In this issue of the Journal of Clinical Investigation, researchers led by Beverly Orser at the University of Toronto investigated the molecular mechanisms that underlie this side effect.
By studying antifibrinolytics in mice, Orser and colleagues found that the drugs inhibited the activity of glycine receptors in the brain, leading to seizures. Seizures could be prevented by co-treatment with the general anesthetic isoflurane.
This study explains the causes of and proposes treatment for antifibrinolytic-induced seizures. In a companion commentary, Debra Schwinn of the University of Washington reviews the connection between seizures and antifibrinolytic drugs.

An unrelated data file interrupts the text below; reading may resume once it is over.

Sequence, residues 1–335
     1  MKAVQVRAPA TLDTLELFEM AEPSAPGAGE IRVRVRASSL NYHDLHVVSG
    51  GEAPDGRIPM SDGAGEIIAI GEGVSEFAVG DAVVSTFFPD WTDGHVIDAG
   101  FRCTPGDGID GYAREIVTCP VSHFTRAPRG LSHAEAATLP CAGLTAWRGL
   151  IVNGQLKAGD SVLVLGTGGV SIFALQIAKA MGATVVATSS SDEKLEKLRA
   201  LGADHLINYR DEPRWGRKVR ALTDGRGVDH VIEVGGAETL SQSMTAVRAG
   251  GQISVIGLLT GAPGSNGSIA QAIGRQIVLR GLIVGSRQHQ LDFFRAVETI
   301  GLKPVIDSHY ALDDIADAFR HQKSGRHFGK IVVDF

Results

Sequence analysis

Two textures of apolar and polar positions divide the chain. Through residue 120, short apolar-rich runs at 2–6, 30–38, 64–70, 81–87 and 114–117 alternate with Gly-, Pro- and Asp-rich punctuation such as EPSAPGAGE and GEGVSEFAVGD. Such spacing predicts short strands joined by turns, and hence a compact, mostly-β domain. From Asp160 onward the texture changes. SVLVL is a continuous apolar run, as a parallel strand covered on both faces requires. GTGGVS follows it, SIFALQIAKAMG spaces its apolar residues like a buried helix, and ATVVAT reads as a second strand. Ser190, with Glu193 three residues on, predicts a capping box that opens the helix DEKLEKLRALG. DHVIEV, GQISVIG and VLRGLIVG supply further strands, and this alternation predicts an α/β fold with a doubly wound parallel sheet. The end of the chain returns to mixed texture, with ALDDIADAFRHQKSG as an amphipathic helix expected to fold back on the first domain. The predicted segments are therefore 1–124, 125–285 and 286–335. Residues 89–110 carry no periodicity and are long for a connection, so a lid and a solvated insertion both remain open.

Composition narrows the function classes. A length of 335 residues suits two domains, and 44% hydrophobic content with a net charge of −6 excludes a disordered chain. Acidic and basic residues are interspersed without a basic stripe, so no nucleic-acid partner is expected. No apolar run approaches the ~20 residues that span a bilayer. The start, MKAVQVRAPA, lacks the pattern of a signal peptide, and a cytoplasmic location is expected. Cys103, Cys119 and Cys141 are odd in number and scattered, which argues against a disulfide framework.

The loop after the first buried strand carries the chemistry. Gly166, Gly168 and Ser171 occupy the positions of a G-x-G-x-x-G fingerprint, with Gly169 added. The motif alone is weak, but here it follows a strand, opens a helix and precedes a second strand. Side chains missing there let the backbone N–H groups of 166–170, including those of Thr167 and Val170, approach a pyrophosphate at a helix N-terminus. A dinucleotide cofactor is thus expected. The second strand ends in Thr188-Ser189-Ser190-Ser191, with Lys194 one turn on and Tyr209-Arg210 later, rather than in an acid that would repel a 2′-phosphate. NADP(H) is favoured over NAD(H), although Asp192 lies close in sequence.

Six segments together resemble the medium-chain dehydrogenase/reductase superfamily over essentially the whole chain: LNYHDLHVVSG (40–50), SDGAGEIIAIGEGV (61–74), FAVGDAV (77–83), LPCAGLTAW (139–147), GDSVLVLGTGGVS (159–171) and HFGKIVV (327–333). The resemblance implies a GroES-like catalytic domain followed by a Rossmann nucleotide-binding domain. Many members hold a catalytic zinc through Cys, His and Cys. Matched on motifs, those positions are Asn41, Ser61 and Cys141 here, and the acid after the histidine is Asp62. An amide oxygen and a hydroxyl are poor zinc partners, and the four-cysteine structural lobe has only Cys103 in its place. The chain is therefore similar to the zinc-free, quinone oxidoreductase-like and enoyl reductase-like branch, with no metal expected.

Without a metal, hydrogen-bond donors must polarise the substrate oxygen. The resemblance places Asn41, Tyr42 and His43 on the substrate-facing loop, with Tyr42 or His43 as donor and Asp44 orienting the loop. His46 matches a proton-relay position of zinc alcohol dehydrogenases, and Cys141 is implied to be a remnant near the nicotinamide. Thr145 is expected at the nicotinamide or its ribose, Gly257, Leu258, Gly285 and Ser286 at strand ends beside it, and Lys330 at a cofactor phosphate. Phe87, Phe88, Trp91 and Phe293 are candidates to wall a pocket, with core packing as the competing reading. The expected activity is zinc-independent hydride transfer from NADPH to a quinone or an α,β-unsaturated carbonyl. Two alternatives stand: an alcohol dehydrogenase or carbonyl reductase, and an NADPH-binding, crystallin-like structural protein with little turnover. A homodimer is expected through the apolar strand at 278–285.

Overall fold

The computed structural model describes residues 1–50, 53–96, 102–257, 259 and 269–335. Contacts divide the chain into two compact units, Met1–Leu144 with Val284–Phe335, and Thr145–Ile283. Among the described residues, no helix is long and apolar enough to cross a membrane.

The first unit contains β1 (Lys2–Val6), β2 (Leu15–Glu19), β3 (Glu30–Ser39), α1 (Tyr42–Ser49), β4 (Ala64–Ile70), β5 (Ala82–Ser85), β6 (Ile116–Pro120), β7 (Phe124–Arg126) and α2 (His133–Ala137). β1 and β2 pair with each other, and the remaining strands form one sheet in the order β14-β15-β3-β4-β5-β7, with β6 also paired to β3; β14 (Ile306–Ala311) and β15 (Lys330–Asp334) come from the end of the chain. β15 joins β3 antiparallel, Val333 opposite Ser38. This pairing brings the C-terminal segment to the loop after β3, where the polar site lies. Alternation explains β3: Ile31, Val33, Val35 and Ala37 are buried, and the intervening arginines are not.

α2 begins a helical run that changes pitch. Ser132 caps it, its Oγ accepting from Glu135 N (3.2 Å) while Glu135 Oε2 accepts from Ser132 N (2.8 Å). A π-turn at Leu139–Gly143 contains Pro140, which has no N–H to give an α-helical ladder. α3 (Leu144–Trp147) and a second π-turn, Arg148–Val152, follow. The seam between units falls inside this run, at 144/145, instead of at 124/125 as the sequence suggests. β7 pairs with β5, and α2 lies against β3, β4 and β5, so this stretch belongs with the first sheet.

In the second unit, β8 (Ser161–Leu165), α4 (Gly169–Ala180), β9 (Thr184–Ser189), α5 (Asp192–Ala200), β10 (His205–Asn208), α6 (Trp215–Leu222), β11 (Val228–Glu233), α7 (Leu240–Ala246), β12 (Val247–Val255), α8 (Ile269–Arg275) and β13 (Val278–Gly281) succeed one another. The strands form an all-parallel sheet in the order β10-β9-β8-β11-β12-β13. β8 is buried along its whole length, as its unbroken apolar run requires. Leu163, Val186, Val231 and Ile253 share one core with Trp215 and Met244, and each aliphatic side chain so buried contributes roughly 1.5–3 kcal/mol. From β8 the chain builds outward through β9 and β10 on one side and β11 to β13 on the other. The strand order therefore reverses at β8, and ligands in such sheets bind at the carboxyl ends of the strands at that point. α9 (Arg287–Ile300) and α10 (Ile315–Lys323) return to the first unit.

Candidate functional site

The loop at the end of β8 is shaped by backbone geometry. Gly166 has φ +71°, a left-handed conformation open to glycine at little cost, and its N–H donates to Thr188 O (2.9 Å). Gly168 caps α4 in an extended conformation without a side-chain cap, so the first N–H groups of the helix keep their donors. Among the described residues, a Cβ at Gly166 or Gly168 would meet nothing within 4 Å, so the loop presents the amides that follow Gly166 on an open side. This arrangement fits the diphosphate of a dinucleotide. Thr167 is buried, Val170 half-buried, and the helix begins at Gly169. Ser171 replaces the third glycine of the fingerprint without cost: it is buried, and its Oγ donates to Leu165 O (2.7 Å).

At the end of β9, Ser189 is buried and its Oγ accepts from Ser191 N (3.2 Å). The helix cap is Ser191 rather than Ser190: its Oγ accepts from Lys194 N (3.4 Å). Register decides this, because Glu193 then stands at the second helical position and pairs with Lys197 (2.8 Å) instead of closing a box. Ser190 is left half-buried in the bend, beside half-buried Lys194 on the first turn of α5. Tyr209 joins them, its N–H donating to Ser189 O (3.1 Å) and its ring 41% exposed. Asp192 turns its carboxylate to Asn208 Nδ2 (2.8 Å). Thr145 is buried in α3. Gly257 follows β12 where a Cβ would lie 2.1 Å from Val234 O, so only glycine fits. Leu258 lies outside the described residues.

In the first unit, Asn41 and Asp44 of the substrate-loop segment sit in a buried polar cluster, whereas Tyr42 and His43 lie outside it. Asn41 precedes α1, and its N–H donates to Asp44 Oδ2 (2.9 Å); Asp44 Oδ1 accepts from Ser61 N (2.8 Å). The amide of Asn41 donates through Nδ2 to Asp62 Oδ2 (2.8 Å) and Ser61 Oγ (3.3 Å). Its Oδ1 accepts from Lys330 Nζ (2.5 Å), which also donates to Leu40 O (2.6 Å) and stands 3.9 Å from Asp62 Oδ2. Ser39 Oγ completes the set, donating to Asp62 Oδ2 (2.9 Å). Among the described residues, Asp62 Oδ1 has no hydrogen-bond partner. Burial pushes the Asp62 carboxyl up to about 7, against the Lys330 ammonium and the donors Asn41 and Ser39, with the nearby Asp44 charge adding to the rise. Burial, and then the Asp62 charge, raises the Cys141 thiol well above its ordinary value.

TITLE: Tranexamic acid concentrations associated with human seizures inhibit glycine receptors
View this article at: http://www.jci.org/articles/view/63375?key=806b0eca4232a067ca57
TITLE: Understanding the TXA seizure connection
View this article at: http://www.jci.org/articles/view/66724?key=bd9895d06f784ef4366f
Source: EurekAlert!, the online, global news service operated by AAAS, the science society
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